* for filings by sources asserting that the emissions from the facility meet environmental acceptability requirements, the agency will at the time of receipt of an administratively complete filing, provide web-based notice (by posting and by email to those who have requested same) and by first-class mail notice to first, second and third-tier property owners (including commercial and industrial, and excluding highways and roads), of the receipt of the application for approval of a demonstration of environmental acceptability, and inviting a 30-day comment period with a with an informal public meeting scheduled in the evening at a convenient location, to be canceled unless requested within 5 days of the meeting. Comments received will be provided written statement of consideration.

* for those sources that make a filing seeking a determination of de minimis status, the agency shall maintain a web-based listing of those sources and the nature of the emissions and basis for claimed exemption, and the status of that claim.

KRC proposes one of two approaches to allowing public review and notice of de minimis claims –

a. Identification by the agency of those claims based on categorical exemptions, which shall be subject to web posting without advance public participation; and

b. Notification of first and second-tier property owners of the request for an agency determination of de minimis status, with opportunity for submittal of written comment and opportunity for hearing if requested by five first or second tier property owners; or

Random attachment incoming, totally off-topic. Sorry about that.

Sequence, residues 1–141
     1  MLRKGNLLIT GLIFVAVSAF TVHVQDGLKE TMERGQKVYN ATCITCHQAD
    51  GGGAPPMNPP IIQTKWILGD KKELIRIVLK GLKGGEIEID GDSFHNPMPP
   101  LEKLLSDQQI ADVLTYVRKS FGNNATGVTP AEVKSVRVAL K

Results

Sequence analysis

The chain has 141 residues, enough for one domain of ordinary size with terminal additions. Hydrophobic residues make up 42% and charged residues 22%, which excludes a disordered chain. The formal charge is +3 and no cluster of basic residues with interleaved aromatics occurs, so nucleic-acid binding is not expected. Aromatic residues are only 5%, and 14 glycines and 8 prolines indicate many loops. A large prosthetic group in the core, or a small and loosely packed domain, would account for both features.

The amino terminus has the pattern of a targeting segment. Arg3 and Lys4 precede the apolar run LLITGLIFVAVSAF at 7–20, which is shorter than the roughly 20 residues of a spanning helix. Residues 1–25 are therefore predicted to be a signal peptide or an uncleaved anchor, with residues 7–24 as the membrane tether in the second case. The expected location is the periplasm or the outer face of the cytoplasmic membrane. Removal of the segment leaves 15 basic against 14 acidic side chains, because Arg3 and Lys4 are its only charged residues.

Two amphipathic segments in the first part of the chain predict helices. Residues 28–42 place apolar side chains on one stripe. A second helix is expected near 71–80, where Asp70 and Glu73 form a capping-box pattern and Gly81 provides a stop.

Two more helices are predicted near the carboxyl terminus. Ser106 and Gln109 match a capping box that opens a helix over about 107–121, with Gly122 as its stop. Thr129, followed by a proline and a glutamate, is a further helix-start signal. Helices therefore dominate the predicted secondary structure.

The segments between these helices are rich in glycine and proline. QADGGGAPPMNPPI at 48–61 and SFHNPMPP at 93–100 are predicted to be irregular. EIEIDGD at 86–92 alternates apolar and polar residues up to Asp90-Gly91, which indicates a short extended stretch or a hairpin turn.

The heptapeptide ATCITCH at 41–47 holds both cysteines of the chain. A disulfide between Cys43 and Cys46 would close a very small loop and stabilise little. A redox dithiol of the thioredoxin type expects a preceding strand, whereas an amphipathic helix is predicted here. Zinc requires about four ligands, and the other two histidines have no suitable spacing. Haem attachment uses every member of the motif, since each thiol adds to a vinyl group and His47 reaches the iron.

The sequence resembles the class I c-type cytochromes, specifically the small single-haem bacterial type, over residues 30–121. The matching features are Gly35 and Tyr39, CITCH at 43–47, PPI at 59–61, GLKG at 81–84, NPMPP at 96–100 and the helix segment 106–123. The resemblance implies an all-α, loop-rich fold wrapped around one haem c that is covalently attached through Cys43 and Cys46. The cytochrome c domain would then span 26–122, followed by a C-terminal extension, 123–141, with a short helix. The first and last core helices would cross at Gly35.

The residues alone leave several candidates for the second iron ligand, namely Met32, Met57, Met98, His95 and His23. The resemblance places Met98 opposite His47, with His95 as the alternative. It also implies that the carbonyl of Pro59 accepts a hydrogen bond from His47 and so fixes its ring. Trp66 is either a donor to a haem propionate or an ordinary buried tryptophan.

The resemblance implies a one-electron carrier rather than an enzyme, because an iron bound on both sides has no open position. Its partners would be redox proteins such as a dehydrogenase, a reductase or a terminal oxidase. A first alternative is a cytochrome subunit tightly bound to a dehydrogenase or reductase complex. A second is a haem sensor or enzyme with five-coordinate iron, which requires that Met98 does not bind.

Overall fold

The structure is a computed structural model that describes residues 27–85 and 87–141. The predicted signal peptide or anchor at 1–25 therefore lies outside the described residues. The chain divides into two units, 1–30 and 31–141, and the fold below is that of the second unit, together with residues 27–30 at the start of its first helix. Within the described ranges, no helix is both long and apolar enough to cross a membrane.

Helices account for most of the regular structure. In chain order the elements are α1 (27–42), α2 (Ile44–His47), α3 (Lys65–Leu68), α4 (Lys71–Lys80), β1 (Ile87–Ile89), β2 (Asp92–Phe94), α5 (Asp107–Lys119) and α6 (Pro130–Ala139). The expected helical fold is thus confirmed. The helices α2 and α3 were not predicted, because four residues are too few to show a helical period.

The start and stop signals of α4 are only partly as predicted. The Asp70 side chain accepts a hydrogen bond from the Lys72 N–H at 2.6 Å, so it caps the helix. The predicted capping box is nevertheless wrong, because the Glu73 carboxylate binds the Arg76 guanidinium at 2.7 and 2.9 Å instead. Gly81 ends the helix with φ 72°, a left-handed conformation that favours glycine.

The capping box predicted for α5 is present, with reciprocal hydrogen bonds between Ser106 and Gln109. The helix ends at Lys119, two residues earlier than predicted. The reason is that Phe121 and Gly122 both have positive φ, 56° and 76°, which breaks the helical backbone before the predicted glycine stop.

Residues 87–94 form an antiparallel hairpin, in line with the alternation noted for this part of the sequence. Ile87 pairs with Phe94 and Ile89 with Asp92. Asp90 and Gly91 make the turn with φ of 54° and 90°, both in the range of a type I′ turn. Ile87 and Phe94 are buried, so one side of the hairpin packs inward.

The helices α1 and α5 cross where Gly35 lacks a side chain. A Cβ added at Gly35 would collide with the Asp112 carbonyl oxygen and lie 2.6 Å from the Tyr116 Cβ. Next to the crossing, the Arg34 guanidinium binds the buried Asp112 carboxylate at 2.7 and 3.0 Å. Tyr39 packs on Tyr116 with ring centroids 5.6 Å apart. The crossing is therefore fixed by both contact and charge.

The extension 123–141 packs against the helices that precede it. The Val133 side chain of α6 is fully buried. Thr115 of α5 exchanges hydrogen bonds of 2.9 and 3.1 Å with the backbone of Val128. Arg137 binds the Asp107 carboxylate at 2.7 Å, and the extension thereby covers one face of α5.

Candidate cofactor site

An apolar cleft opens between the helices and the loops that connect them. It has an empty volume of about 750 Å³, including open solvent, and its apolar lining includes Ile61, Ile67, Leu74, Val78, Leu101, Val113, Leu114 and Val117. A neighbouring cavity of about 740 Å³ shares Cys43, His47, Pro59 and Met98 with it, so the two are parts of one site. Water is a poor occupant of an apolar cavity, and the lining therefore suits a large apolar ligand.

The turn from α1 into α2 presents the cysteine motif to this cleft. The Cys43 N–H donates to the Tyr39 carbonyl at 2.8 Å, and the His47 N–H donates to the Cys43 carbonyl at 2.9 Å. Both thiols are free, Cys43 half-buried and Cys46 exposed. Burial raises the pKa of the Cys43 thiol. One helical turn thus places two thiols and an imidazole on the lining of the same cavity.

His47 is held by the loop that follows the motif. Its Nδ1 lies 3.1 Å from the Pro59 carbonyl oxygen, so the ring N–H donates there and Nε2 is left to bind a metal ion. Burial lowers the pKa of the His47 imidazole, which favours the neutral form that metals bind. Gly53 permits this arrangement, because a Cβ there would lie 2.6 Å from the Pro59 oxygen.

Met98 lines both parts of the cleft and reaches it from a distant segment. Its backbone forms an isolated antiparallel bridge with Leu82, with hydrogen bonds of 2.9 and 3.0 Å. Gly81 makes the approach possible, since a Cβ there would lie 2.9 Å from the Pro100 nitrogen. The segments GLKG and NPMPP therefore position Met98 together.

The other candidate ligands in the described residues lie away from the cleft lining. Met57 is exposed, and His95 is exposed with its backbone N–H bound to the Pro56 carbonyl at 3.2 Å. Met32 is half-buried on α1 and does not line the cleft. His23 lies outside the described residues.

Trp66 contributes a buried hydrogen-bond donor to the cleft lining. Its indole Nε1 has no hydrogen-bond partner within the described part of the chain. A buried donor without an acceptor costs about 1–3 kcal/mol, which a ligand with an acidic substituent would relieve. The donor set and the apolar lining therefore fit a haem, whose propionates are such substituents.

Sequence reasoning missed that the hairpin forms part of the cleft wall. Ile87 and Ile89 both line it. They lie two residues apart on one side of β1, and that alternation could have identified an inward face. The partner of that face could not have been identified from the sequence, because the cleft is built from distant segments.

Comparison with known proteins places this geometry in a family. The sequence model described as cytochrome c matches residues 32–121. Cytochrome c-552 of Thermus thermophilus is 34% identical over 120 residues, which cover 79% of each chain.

c. No advance opportunity for comment or hearing, but notice of issuance of a determination (which could be grouped for purposes of ease of notice) and mailed to first and second-tier property owners with opportunity to review the file and to request agency to reconsider determination of de minimis status.

These approaches are minimum public involvement provisions, less than what KRC believes are optimal, but providing at least a modicum of timely involvement. Early engagement of the facility with the surrounding neighborhood and community will result in early identification of particular issues of concern, better dialogue and understanding of plant processes and actions to reduce air toxics, and greater confidence in agency decisions concerning program compliance.

These suggestions are marginally consistent with the Final EPA Title VI Public Involvement Guidance for EPA Assistance recipients Administering Environmental Permitting Programs (Recipient Guidance), 71 FR 14207. As a recipient agency, APCD is obligated in all of its programs to comply with Title VI of the Civil Rights Act of 1964 and with EPA’s requirements with respect to environmental justice. The guidance offers suggestions on how to enhance public involvement, grounded in the core premise that “public involvement should be an integral part of the permit decisionmaking process to help the public understand and assess how issues affect the communities.” 71 FR 14210.

As noted by EPA, “[p]ublic involvement done early and often, is essential for the success of any permitting program” Likewise, the success of the STAR program and creation of a more healthy relationship, on many levels, between sources of air toxics and the community-at-large, would be greatly enhanced by providing for direct communication with the neighborhoods before the STAR compliance process begins, and for review and comment once the demonstrations are filed.